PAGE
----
Don’t do drugs, OK?
They might sound like fun. They might even be legal where you live – or, maybe the left-wing nutjobs in your town just don’t enforce the law.
But trust me: don’t do drugs. Because if you do, you might end up sounding like President Joe Biden, who must have gotten ahold of something that might have looked like oregano but wasn’t, and started once again babbling nonsense that exists so far outside the realm of reality, he might as well have claimed he rode into the presser on a purple unicorn in a puff of fairy farts.
On the heels of skyrocketing inflation, record grocery and gas prices, and a bleak futures report for the cost of consumer goods, Biden alleged this week that more Americans are – get ready for this – saving more, spending less, and feel just fine and dandy about their wallets.
"Since I took office, families are carrying less debt. Their average savings are up," he alleged. "A recent survey from the Federal Reserve found more Americans feel financially comfortable since any time that the survey began in 2013."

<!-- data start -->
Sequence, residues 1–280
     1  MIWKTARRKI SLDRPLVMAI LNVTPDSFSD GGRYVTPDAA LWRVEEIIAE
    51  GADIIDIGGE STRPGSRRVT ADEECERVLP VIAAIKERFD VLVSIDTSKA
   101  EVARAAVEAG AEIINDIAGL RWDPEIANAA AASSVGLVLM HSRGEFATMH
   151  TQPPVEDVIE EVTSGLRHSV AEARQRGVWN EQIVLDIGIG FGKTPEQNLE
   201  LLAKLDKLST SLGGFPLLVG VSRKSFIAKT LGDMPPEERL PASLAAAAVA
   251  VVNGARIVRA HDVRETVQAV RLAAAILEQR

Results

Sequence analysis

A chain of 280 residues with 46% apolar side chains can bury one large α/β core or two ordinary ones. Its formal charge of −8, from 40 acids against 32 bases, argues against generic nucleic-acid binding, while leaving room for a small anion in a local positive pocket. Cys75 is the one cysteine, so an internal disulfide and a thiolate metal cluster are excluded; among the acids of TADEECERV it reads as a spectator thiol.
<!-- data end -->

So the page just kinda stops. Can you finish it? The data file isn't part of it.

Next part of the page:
BIDEN: "Since I took office, families are carrying less debt, their average savings are up...more Americans feel financially comfortable..." pic.twitter.com/YvJBOyL48c— Townhall.com (@townhallcom) June 3, 2022
The fine folks at the Federal Reserve must be smoking the same stuff as Biden, because that’s not at all what other polls have reflected.
According to a Gallup poll from April, 48% of Americans say their financial situation is getting worse, compared to 37% who say it’s improving. Another survey found that “Americans are more likely today than they were a year ago to report being ‘very’ or ‘moderately worried’ about several aspects of their finances, reversing the improvement seen last year,” with 40 percent saying they’re most concerned about being able to pay their monthly bills.
Which makes sense, given that consumers are paying more for everything from gas and food to rent, clothing, and household goods.
Comparatively, in February of 2020, just a month before the COVID pandemic hit the United States and about three years into President Trump’s term, Gallup had found American optimism about their personal finances had hit a record high, with 59% of Americans saying they were better off financially now than they were the year before.
But hey, no more mean tweets!